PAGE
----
In 2014, ScottMadden and APQC conducted the third cycle of their Human Resources Shared Services (HRSS) benchmarking study to examine trends in delivery models, governance structure, staffing levels, performance, and the use of technologies as part of a shared services model. In our analysis, we focused on understanding the characteristics of HRSS organizations that clearly excel when ranked according to three dimensions of service center productivity:
- Efficient staffing levels
- High process efficiency
- Low cost
Benchmarking results from this study indicate four keys to being a top-performing HRSS organization.
Optimize Structure and Governance
- Reporting to an HR executive. Seventy-eight percent of top-performing organizations indicate reporting to an HR executive within their HRSS organization. Our experience shows that this approach provides the most direct and simple governance model for HRSS organizations.
- Tiered service center. A significant performance gap occurs between those with tiers and those without tiers relative to total service center staffing. Additionally, among those using tiers, top-performing HRSS organizations show better Tier 1 staffing than other organizations.
- Hybrid COE alignment. Lower COE staffing levels are observed in top-performing HRSS organizations, and they are more likely to leverage hybrid COE models consisting of a mix of centralized and distributed resources for “field-focused” groups.
Shift Field Admin Work to the Service Center
- Shifting administrative work allows for field staffing efficiencies. Field HR often represents a big opportunity for reducing or shifting transactional and administrative work. In comparison to a leading practice model, typical HR field resources spend significantly more time performing transactional activities. Shifting the bulk of administrative work to a service center enables top performers’ field HR to operate more efficiently and to focus more on strategic initiatives.
- Leveraging Tier 2 enables less field HR staff. In addition, setting up a tiered service center enables HR to shift both common and specialized administrative work from the field. For organizations with robust use of Tier 2 specialists, top performers are able to operate with about four times less field HR staff.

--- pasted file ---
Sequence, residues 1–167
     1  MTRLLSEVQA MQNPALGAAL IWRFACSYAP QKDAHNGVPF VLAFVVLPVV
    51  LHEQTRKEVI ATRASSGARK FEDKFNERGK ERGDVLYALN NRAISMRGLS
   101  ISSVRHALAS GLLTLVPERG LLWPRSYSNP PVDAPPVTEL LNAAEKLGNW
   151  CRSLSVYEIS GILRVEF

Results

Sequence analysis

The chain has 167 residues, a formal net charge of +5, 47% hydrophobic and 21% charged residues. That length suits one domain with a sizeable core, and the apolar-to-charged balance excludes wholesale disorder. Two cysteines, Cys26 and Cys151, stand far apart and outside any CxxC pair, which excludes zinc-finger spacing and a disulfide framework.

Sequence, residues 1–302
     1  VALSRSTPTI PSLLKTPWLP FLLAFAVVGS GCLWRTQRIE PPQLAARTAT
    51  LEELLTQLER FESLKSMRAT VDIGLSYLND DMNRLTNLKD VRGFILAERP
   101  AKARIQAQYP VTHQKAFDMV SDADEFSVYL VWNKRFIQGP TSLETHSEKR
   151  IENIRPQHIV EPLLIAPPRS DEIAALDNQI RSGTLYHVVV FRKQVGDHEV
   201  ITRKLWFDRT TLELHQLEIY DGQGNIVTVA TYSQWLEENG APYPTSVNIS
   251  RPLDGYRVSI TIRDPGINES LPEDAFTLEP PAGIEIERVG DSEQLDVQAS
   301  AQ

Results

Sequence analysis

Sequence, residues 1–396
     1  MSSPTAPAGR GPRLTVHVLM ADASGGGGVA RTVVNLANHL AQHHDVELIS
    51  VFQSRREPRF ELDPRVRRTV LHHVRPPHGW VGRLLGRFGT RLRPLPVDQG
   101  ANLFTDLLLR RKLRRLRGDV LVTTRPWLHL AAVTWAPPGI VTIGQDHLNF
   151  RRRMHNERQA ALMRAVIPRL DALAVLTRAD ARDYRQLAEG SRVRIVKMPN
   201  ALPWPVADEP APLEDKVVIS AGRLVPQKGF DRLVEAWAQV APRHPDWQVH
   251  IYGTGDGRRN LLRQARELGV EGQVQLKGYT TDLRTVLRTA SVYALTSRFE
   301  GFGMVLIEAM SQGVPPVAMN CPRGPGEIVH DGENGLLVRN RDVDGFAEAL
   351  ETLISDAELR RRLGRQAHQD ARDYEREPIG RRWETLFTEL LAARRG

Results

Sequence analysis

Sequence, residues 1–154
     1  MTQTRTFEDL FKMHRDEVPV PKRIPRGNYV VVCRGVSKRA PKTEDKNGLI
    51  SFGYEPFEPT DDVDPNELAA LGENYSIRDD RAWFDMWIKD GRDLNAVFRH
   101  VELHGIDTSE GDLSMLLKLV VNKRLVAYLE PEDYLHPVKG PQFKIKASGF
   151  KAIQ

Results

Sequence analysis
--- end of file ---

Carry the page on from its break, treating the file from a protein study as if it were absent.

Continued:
- Correct portal set-up drives volume.
Establishing employee portals with personalized content and system integration results in significantly greater portal usage. More than 75% of top-performing HRSS organizations participating in the survey indicated using robust employee portals, which correlates to higher portal use.
- Higher self-service use leads to more efficient staffing. Manager and employee self-service allows organizations to staff their COEs and service centers more efficiently. Among top-performing organizations, staffing levels in HR service centers with high self-service transaction volume is about half that of those with lower self-service use.
Focus on Customer Satisfaction and Performance
- Higher customer satisfaction correlates to
lower turnover. Higher satisfaction rates exist among the top-performer group and organizations that have higher customer satisfaction are able to operate with lower staffing levels. Lower turnover allows the staff to build competence and be more efficient.
- Better performance drives better satisfaction. Higher customer satisfaction scores are aligned with better performance on customer service metrics, such as average speed to answer and first contact resolution.
Top performers did not just land on the list by happenstance. They are pursuing excellence in human resources as a long-term and calculated race. The goal? It is indeed all about setting up the HRSS organization to contribute as a value-added partner to the business. The time is now to improve by leveraging the top-performer characteristics to accelerate your success. Contact us to learn more.
Additional Contributing Author: Min Qin